Odd Posture to Poop

Q: I have a 9-year-old gelding who holds his body in a strange position while defecating. He curves his head to the left, then brings the left hind leg forward while passing feces. His whole body is in a curve to the left. His penis will be fully extended out of his sheath at the end of the fecal movement.

There was a period of about a year where he colicked frequently, about every two to three weeks. Usually it was relieved with walking and Banamine. I did have a vet do a rectal exam to check for anatomical issues, but nothing was found. Despite using psyllium for four to five days per month, he was still colicking, so we ruled out sand colic. Another vet suggested checking for sand with the rectal glove, where you put three to four "apples" in the glove, add water, and shake. We found ½ inch of sand/dirt in each finger! Immediate measures were taken--we fed the horse hay in a Rubbermaid 100-gallon trough, and we used psyllium and bran for about three weeks.

Well, that fixed the colic problem, but the question is whether the strange body posturing is related to having had colic often (this was about two to three years ago). And why does the penis fully extend at the end of a fecal movement? We checked his penis for a "bean," and all is fine there.

Any ideas? Honestly, before the colicking episodes, he was mostly pastured, so I didn't notice the behavior then.

He is in the corral more now, and he does this every time he defecates.

Fiona Gammonley, via e-mail

A: That sure does sound like a truly odd defecation posture. As to your question about it being related to the frequent colic a couple years ago, were you wondering if during the period of frequent colic he contorted his body in this fashion to be more comfortable to defecate, then even though the discomfort of the sand colic had been resolved, he continues to posture in this way, presumably as a result of learning?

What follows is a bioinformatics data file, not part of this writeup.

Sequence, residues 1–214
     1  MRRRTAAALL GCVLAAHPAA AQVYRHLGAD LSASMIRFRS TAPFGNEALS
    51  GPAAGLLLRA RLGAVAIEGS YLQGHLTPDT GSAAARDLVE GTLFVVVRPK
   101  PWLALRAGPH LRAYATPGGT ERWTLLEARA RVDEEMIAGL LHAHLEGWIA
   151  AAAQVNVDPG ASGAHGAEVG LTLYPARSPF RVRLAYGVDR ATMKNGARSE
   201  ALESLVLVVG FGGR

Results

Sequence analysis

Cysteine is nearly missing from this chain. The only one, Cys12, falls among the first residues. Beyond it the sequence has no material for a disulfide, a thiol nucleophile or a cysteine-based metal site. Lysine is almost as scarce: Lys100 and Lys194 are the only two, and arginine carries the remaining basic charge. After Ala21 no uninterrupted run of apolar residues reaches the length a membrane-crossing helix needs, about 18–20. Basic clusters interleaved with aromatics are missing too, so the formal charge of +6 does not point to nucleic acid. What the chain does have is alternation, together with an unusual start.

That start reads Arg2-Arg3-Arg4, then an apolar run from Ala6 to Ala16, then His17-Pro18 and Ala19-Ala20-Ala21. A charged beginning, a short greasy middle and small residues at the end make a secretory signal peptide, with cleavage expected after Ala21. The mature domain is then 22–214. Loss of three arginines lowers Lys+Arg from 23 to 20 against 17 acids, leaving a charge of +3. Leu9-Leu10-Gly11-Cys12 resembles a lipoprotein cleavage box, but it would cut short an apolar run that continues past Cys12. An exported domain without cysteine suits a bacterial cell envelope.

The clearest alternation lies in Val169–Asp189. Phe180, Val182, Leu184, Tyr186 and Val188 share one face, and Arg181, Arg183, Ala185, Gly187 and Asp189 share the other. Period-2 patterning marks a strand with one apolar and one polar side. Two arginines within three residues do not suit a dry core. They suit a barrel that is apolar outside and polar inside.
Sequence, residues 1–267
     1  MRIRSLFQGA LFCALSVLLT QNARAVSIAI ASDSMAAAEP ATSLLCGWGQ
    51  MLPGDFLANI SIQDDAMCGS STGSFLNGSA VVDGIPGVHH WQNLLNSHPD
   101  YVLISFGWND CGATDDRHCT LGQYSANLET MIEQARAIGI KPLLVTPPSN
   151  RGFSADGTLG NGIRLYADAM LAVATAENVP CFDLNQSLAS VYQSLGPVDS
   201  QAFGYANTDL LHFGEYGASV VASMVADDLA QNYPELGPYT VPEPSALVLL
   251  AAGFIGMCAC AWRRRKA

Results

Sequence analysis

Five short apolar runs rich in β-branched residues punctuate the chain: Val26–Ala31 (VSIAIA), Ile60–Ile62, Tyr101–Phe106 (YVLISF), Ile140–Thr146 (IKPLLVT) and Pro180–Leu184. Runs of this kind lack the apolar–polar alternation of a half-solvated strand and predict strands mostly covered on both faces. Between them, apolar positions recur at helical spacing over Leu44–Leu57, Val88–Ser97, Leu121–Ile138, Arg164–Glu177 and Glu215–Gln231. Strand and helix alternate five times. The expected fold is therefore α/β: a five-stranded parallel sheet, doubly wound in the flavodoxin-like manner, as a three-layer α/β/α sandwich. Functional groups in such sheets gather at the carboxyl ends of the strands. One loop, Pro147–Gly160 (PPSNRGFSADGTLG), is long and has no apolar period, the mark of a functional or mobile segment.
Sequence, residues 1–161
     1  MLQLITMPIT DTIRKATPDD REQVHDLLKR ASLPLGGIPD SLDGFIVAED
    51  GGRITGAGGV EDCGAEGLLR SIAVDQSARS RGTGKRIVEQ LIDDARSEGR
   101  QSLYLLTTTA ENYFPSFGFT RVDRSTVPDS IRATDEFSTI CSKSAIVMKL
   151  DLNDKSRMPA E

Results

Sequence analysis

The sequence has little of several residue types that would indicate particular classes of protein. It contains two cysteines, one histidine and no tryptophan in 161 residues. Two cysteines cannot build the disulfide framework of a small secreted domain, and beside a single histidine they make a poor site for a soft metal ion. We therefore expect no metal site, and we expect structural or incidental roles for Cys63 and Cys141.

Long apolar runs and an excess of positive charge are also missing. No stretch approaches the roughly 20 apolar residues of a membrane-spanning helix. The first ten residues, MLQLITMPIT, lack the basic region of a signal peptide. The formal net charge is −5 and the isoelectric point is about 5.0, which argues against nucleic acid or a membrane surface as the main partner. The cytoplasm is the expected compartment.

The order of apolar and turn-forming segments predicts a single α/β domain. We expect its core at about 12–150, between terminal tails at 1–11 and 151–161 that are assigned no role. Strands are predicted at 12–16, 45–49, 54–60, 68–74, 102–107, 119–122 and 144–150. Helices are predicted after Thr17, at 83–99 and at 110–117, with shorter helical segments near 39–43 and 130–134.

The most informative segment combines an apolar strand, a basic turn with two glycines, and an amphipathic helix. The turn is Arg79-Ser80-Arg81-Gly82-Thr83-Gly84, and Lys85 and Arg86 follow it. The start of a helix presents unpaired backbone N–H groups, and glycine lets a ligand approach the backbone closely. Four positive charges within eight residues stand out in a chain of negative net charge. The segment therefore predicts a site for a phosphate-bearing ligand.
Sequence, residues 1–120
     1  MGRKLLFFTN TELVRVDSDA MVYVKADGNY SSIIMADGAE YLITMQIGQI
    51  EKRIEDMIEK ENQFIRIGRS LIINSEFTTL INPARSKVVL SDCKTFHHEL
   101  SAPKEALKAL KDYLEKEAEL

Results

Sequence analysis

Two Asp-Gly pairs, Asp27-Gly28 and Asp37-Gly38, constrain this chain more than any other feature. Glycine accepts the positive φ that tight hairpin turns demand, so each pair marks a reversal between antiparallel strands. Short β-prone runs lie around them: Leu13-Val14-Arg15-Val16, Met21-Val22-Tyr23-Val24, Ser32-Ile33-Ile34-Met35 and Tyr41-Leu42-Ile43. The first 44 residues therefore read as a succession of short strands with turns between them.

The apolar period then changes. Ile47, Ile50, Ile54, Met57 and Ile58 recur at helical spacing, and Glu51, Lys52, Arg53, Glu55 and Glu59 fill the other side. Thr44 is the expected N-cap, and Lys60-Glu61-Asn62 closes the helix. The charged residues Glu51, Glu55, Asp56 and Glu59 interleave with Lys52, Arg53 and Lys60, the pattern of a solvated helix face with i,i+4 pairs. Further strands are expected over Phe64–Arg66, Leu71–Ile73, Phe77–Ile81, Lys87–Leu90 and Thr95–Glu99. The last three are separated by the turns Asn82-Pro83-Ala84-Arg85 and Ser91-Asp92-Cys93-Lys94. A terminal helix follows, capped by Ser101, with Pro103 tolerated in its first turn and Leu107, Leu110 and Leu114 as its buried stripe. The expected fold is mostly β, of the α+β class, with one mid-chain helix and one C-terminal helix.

If that is what you are thinking, I can say that I have seen many horses that developed odd postures of one type or another to relieve physical discomfort, some for many years before the cause was found and alleviated. I have always been impressed that once the physical discomfort is relieved, the posture immediately returns to normal. Most of the cases I recall were odd urination postures that were associated with urinary tract infections or lesions.

I do remember one horse that had odd defecation behavior. It turned out to be in association with an infection of his internal accessory sex glands. Our understanding of the posturing was that as feces passed through the rectum it was very near and probably put some pressure on these structures that were distended and sensitive as a result of the infection. It was noticeably worse when the feces were dry, as opposed to when they were softer. As the infection cleared, the odd behavior subsided.

Has your vet observed your horse defecating? Does your horse look uncomfortable? For example, does he grunt, groan, or sigh? Does he appear to hesitate? Are urination stance and stream, as well as spontaneous erection and penile movements, all normal?

If he does look uncomfortable, my advice would be to ask your veterinarian to help you to keep looking for something physical that is making defecation uncomfortable. It can be quite challenging in many cases to diagnose some of these unusual behavior problems.

From your description, it would seem that anything irritating in the caudal (toward the rear of the) rectum, the anus, or along the pelvic urethra near the rectum could be uncomfortable. Sometimes an equine behavior expert who is experienced at observing both normal and abnormal horse behavior and postures, and localizing signs of discomfort, can be a helpful member of the team. The expert likely will want to view at least a few hours of video of the horse on his own in a stall or in a paddock. Sometimes subtle signs of discomfort become evident that provide some direction as to where the discomfort might be.

For example, your horse might rub or lean his hind end against objects/walls. Or he might frequently shift his weight or slap his tail. Or he might gaze back at his tail area. Is there evidence of neurologic dysfunction that might affect defecation and penis position? This can sometimes greatly reduce the number of diagnostic procedures required to find the problem.

Amy Johnson, DVM, Dipl. ACVIM, of the University of Pennsylvania's New Bolton Center consulted with me on this question.

About the Author

Sue McDonnell, PhD, Certified AAB

Sue M. McDonnell, PhD, is a certified applied animal behaviorist and the founding head of the equine behavior program at the University of Pennsylvania's School of Veterinary Medicine. She is also the author of numerous books and articles about horse behavior and management.

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